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Information for woodlot owners

1. Do I have ash trees?:

Emerald ash borer (EAB) only attacks true ash (Fraxinus) trees. So, the first thing to do is determine whether or not the trees in your woodlot, yard or windbreak are ash trees. Mountain ash (Sorbus) is not a true ash so is not at risk.

2. I have ash trees in my woodlot, what should I do?:

If ash make up a very small proportion of your woodlot, you may not need to do anything. Otherwise, your woodlot will benefit from planning for the arrival of EAB. The best woodlot management approach will depend on how soon EAB is expected to arrive in the woodlot.

infested woodlot dying ash trees in shelterbelt
Left: EAB-infested woodlot. Right: EAB-infested shelterbelt.
Images: Troy Kimoto, CFIA

3. What about the ash trees in my yard?:

If the ash trees in your yard are healthy there are insecticide treatment options available to help to protect them; without the treatment the tree will die and need to be removed.

There are some things to consider before making the decision to treat your ash tree. However, if you are close to, or within an EAB regulated area, decide soon, while you still have options - EAB moves quickly.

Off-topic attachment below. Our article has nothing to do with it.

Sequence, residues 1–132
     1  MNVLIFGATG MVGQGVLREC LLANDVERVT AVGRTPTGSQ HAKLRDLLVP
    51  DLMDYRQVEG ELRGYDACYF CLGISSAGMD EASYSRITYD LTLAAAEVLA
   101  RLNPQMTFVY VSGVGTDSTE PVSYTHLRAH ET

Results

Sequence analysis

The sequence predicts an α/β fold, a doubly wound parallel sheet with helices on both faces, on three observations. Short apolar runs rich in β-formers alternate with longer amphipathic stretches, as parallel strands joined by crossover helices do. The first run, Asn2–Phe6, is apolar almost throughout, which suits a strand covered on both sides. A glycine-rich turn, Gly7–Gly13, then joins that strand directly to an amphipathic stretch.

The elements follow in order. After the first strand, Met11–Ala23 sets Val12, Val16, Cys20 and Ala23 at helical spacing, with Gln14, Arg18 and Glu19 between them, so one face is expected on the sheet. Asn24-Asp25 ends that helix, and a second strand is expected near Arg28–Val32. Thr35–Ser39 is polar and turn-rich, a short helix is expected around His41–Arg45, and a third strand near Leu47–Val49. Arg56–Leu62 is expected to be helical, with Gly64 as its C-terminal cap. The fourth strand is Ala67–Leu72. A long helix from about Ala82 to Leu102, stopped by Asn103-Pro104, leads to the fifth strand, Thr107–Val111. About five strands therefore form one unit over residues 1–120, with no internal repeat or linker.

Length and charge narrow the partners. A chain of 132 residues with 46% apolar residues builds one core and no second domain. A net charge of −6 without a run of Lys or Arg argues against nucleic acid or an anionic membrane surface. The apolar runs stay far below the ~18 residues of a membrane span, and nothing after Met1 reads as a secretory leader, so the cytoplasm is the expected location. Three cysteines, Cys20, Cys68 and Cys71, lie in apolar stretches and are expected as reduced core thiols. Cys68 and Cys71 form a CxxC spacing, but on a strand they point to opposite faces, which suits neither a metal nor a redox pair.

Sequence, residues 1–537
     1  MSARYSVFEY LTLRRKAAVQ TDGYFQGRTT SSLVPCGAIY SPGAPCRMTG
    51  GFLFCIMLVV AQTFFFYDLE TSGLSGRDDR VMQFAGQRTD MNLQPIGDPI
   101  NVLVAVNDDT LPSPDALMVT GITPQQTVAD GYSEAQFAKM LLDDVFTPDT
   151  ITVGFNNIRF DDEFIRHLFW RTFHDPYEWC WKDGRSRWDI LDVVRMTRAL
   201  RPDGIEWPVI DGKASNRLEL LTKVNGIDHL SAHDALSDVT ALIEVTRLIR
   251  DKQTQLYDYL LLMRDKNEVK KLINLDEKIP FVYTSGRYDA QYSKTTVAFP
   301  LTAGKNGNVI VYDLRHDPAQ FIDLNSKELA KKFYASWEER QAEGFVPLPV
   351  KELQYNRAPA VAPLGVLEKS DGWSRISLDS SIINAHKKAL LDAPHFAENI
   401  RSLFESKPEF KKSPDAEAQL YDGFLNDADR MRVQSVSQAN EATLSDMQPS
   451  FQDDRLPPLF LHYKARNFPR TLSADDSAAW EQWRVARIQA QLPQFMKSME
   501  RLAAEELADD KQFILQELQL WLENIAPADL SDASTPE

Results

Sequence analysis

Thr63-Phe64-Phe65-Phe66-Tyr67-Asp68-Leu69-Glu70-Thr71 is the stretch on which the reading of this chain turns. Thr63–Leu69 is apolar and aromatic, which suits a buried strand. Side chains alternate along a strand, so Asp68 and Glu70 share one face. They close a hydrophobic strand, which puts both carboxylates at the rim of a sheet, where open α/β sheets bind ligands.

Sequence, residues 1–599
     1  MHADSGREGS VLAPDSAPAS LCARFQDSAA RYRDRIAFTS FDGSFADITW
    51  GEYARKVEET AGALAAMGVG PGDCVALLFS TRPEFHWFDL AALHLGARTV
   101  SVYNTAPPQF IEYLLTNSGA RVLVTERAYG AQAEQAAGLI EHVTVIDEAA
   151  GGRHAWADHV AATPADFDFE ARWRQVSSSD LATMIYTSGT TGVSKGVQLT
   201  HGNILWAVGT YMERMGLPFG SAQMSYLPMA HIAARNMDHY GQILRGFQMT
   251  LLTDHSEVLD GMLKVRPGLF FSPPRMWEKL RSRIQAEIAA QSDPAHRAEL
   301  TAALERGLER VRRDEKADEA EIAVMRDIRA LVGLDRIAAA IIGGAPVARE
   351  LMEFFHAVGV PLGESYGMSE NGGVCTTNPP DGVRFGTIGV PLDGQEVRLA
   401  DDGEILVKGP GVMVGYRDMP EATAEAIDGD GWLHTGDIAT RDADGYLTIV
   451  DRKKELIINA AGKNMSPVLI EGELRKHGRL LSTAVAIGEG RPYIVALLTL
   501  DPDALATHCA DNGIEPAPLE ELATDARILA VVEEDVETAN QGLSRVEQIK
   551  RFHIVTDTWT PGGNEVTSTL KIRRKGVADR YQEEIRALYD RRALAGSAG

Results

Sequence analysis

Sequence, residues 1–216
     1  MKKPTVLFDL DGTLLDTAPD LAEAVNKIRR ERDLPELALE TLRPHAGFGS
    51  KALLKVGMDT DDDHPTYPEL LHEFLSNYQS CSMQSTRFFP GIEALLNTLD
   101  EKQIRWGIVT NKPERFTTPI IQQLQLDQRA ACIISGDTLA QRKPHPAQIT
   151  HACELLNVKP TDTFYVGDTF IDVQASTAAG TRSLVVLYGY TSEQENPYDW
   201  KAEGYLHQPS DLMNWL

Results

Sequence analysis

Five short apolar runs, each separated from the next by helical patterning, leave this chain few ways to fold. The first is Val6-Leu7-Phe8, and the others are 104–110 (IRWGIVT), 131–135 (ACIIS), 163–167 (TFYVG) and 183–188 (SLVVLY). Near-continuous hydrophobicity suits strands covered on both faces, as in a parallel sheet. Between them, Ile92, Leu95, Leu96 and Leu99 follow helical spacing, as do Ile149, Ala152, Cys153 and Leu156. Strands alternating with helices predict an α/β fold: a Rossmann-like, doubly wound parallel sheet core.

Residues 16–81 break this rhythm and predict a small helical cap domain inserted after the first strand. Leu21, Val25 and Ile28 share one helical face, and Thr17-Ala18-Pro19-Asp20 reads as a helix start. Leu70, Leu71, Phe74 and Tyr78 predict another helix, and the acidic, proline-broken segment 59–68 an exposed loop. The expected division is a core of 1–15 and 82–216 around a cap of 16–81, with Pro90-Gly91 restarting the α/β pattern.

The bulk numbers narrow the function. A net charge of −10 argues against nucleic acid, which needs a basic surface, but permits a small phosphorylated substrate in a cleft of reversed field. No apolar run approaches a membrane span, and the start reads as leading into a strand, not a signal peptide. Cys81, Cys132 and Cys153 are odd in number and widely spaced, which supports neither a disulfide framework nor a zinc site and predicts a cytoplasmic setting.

4. Windbreaks, shelterbelts and buffer zones:

If there is a large component of ash in your shelterbelt, windbreak or riparian buffer, its function will be impaired when trees are lost to EAB. Plan to mitigate the loss of ash in these important forests.

5. About emerald ash borer:

Want to know more about the beetle threatening your trees? Emerald ash borer arrived accidentally in Canada in solid wood packaging material. Since it was first detected in 2002 near Windsor Ontario, it has spread quickly and is now killing ash in many areas of southern Ontario and southwestern Quebec.

6. Learn more:

There are a number of helpful resources to help you learn more about EAB, including:

  • Ash identification and woodlot management video delivered by experts and produced by the Eastern Ontario Model Forest and collaborators
  • The CFIA is a good source for learning about the current distribution and regulation of EAB in Canada.
  • An overview of EAB as well as some Canadian research on EAB is available through Canadian Forest Service.
  • Information about various aspects of EAB can be found at EAB info. Please note - insecticide options described in this U.S. website are not available in Canada.

7. Resources:


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